I woke up, stumbled out of the bedroom, and just before I get to the bathroom there’s this small round face looking up at me. “Ack! Er, what–”
“Is that the chamber-pot?” he said in a very small, slightly British voice as he pointed at the toilet. I nodded, and he scrambled in to use it. I scrambled back to my bedroom and hurriedly dressed. I remember I kind of heard some noise, just before I woke up completely, and maybe that’s what woke me up, but ….
Then I headed down the hall again and started doing a head count. Four in the spare room, including the little one who just exited the bathroom. Five in the living room, sitting quietly on the couch and chairs. Three in the kitchen, looking around. All between the ages of five and twelve, in dungarees and coats, most with little hats. Shaggy-headed, one or two with slightly smudged faces. All of them looking at me as I go by. “Good morning, Master,” they all said.
“Um, don’t you all have somewhere to be?” I ask. They all shake their heads. And it finally hits me: My house has been infested with orphans.
I look at the clock. It’s 7:30. And now they’re all looking at me, hungrily. “Er, ah…”
“Is there any porridge, Sir?” one of them says hopefully.
“Porridge, right! Um…” and then I remember I’d just bought a box of instant oatmeal, so I rip open all of the packets, dump the contents into the biggest bowl I have, and boil water. I remember to add more water to the oatmeal than I usually do, because most people like it that way. They’re looking at it like it’s a steak because it’s still so thick. So then there’s dozen little guys crowded in my kitchen using every bowl I have (and every spoon).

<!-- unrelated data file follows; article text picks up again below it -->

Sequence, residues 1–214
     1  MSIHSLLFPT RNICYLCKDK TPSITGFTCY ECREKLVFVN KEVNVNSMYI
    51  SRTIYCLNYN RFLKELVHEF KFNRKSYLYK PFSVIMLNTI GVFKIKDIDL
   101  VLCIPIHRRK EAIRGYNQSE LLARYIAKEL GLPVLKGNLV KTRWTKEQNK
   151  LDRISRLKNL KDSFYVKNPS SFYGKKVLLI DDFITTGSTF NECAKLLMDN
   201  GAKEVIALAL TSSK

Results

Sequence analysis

I have to say, they’re awfully well behaved. And quiet. They even all take their bowls to the sink and stack them neatly.
Then after breakfast, some of the older ones go get their coats. “What’s your name?” I ask one of them. ” ‘Arry,” he says. “Where are you going?” I ask. “Out rag-picking,” Harry says. “Oh.” Then I think. “Um, rags aren’t much of a going concern nowadays, but there’s metal.” And their eyes light up, and as they run out the door I yell “But don’t take any metal that’s still attached to houses!”
Great. The neighborhood association is going to love me.
Meanwhile that leaves me the five littlest ones, and one of them has figured out how to turn the TV on, so they’re looking at it in wonder — and it’s the news, which I figure isn’t good for them, so I grab the remote and change the channel. And it’s Spongebob Squarepants, which I figure isn’t good for them, either. Finally, I find the History Channel, which is showing history for once — something about the Industrial Revolution. I figured they would find that familiar. I’m obviously grasping here. All I know about orphans is that you yell at them, but these kids are so well-behaved there is nothing to yell at them about. So I have to figure out what to do with orphans before History Channel starts showing Swamp Rednecks Pawning Gators or whatever it is. Probably will have to take them to the store with me so I can pick up a lot more porridge, er, ….
And it hits me. Here it’s Lewis Carroll’s birthday, and I’m overrun by Dickens’ orphans. Something ain’t right.